NYC Mayor de Blasio and the city’s Taxi and Limousine Commission are both reportedly weighing separate plans to impose some sort of accessibility requirement on Uber and other e-hail taxi companies.
Under current law, a full 50% of yellow taxis will have to be wheelchair accessible. But for Uber, Lyft and other e-hail taxis, which are licensed as black cars, the law requires just one accessible vehicle for an entire base– and a base can include more than 1000 cars.
This huge disparity in regulatory treatment is currently the subject of litigation in a Brooklyn federal court. Advocates for wheelchair users have also commented on the inequality of obligations and want Uber and its competitors to do more.
Now, according to Politico New York, there are plans afoot to impose some more meaningful obligation on e-hail taxis: The report states that Uber is working with the Mayor’s office:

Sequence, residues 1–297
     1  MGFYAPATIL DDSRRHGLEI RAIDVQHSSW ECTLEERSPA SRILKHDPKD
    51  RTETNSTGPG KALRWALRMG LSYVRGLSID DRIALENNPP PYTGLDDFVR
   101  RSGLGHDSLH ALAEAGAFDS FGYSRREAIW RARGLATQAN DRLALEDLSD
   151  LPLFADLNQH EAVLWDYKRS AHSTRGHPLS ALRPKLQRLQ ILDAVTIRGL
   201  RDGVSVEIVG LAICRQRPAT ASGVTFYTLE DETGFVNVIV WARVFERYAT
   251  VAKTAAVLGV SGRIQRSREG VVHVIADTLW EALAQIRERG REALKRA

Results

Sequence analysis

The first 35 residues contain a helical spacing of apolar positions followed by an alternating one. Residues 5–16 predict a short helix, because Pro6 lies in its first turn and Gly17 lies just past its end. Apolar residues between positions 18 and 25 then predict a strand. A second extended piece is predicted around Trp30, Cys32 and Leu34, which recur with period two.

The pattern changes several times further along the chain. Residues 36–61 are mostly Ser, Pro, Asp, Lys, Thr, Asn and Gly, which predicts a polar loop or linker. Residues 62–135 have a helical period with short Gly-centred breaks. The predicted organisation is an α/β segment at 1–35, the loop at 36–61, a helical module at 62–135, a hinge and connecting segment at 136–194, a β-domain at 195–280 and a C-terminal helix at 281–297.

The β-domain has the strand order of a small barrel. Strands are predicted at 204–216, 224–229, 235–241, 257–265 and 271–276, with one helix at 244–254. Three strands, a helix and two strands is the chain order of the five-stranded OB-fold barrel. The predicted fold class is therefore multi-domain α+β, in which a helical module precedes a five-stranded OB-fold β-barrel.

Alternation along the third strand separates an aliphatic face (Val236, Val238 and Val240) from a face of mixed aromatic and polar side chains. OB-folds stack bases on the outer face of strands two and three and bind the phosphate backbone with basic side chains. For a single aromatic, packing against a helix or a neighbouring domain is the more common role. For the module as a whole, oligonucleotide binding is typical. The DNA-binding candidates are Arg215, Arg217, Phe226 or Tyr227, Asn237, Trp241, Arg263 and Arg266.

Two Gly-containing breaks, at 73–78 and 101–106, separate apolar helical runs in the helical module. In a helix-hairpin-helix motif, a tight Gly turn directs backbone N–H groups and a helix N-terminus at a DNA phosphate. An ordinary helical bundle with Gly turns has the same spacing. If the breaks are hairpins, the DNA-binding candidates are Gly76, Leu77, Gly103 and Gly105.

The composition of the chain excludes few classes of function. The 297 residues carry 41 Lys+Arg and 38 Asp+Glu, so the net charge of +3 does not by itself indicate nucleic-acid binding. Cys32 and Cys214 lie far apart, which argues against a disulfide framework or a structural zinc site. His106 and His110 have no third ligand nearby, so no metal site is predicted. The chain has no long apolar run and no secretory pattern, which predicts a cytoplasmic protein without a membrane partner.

In discussions with taxi industry stakeholders, Uber has suggested that the city levy a small per-trip fee on “for-hire” vehicles, a classification that includes Uber. The money would go to a fund that the city would administer.
Via that fund, the industry would offer sweeteners to bases and drivers to get them to deploy accessible vehicles.
TLC Chair Meera Joshi is hatching her own plan that “would require all black and livery car companies to ensure a percentage of their trips involve wheelchair accessible vehicles, even if those vehicles aren’t actually picking up people in wheelchairs.”
“This means that each company could decide what caliber of accessible vehicle would meet the expectations of all of its customers,” Joshi said in a statement quoted by Politico New York.
Yellow taxis, of course, get no such choice. They must employ a retrofitted accessible version of the so-called Taxi of Tomorrow.